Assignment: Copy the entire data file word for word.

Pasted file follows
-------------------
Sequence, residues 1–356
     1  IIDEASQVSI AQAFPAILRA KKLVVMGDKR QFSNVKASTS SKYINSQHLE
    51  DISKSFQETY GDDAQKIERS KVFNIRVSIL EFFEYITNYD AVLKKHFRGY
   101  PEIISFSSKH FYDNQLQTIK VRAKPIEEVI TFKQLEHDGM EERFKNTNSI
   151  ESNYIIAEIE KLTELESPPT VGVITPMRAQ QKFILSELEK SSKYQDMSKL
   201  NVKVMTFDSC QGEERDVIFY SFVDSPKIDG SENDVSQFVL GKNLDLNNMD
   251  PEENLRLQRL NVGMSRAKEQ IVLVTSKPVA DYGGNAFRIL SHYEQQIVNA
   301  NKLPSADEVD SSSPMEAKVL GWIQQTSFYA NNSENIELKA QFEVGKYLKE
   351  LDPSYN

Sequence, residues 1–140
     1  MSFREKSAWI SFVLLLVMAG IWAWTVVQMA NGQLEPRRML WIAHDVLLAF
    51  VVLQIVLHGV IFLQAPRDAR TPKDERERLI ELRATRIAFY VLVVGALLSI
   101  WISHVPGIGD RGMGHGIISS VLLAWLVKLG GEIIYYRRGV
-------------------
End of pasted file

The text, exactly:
Sequence, residues 1–356
     1  IIDEASQVSI AQAFPAILRA KKLVVMGDKR QFSNVKASTS SKYINSQHLE
    51  DISKSFQETY GDDAQKIERS KVFNIRVSIL EFFEYITNYD AVLKKHFRGY
   101  PEIISFSSKH FYDNQLQTIK VRAKPIEEVI TFKQLEHDGM EERFKNTNSI
   151  ESNYIIAEIE KLTELESPPT VGVITPMRAQ QKFILSELEK SSKYQDMSKL
   201  NVKVMTFDSC QGEERDVIFY SFVDSPKIDG SENDVSQFVL GKNLDLNNMD
   251  PEENLRLQRL NVGMSRAKEQ IVLVTSKPVA DYGGNAFRIL SHYEQQIVNA
   301  NKLPSADEVD SSSPMEAKVL GWIQQTSFYA NNSENIELKA QFEVGKYLKE
   351  LDPSYN

Sequence, residues 1–140
     1  MSFREKSAWI SFVLLLVMAG IWAWTVVQMA NGQLEPRRML WIAHDVLLAF
    51  VVLQIVLHGV IFLQAPRDAR TPKDERERLI ELRATRIAFY VLVVGALLSI
   101  WISHVPGIGD RGMGHGIISS VLLAWLVKLG GEIIYYRRGV